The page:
We’re also working really hard to make the process of simulation model building more efficient for all industries. Because SIMULIA is part of the same company that develops two of the world’s most popular CAD systems – CATIA and SolidWorks – we can make simulation models deeply coupled with CAD in ways not feasible for other vendors. We call this tight integration MODSIM and we expect it to make simulation much more efficient and accessible moving forward.

We’ve all worked on things that we’re particularly proud of or that we enjoyed more than our typical work. What is the coolest project you’ve ever worked on?

There are many so it’s difficult to say. For me, any project that brings together smart people from both our side and the customer side to solve an important, technically challenging industrial problem has the basic ingredients to be “cool.”

One such project was the work we did with Exxon over the last decade to develop technology and methodologies to efficiently simulate hydraulic fracturing. The numerical methods and software we developed are helping Exxon save millions in production costs and excess emissions from unnecessary wells. Equally exciting, is the same technology now is highly relevant to carbon sequestration, which is critical to the emerging carbon capture, utilization & storage industry.

I also enjoy projects where I can help grow our team’s skills. If I can help develop and motivate the next generation of colleagues, that’s a win.

What does ‘cutting edge’ simulation look like today, in your opinion?

Cutting edge applications always include one or more of these ingredients: they stretch available computational resources; they require nonlinear mechanics, often spanning multiple physics or length scales; and they automate model building, solver execution and post-processing so simulation can have a broader, faster impact. These ingredients haven’t changed over time. What has changed is the range of what’s possible because of the vast improvements in computational power and software algorithms.

You’ve clearly made it to a point in your career where we’re calling you an ‘expert’. A lot of our readers aspire to get to this point in their own careers, too! What is one piece of advice you would give an aspiring engineer that might help them grow in their simulation career?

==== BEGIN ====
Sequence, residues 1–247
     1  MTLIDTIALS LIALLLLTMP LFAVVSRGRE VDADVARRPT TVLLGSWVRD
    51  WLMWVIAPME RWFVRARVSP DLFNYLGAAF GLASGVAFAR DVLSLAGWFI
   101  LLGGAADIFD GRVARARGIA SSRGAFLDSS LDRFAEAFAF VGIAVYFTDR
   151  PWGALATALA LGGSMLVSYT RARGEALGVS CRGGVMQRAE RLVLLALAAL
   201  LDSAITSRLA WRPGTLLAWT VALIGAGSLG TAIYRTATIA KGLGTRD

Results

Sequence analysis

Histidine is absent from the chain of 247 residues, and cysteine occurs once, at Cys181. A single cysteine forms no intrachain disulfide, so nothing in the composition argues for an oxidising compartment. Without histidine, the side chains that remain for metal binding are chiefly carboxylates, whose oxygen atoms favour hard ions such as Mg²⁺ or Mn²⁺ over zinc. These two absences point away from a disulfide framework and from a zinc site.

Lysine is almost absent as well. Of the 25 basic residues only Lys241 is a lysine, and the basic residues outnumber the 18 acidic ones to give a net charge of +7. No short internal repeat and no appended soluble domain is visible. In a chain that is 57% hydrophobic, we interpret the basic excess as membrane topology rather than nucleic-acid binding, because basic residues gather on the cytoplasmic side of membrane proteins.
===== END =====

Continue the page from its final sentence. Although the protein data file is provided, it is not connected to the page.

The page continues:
In no particular order: Remain curious and keep learning; develop your professional network both inside and outside your company; be known as a helper; become the best communicator you can.

OK, well thanks for all of that. Here’s a fun one to finish with: Who, alive or dead, would you love to sit down and have a drink and a chat with? Why? And what would you ask them?

My great-great-grandmother who had a career as a “ghost” architect in 19th century Poland. She designed buildings without getting any credit. She was a big influence on my father who, in turn, was a big influence on me. I’d ask her how she got into that career and what it was like to be a woman in a still male-dominated field.

Well that was fantastic! Thanks so much again for taking the time with us today. We wish you continued success in your career – and I’m sure our paths will cross again very soon!

Robert Hurlston, EngD, PGDip, MEng

Principal and Chief Engineer

Rob is co-founder of Fidelis. Throughout his career, he has worked on and led on a diverse array of projects across a range of industries.  This has allowed him to sharpen his analytical proficiency, particularly in the fields of linear and nonlinear stress analysis, dynamics, fatigue, and optimization.

Rob has a strong background in materials, with a specialty in metallurgy and structural integrity engineering.  His industrially based doctorate and subsequent post-docs in nuclear materials engineering saw him accumulate over a decade of real-world experience in collaboration with Serco, the University of Manchester (UK), and their partners.  Rob has presented much of his work at a number of prestigious international conferences and has also published several journal papers.

Rob holds a first-class master’s degree in materials science and engineering and a postgraduate diploma in enterprise management, along with his doctorate, all of which were completed at the University of Manchester.  He is a big soccer fan and an avid golfer.  He also enjoys skiing, hiking, and playing the guitar, as well as spending time with his family.

SIMULIA offers an advanced simulation product portfolio, including AbaqusIsightfe-safeToscaSimpoe-MoldSIMPACKCST Studio SuiteXFlowPowerFLOW and more. The SIMULIA Community is the place to find the latest resources for SIMULIA software and to collaborate with other users. The key that unlocks the door of innovative thinking and knowledge building, the SIMULIA Community provides you with the tools you need to expand your knowledge, whenever and wherever.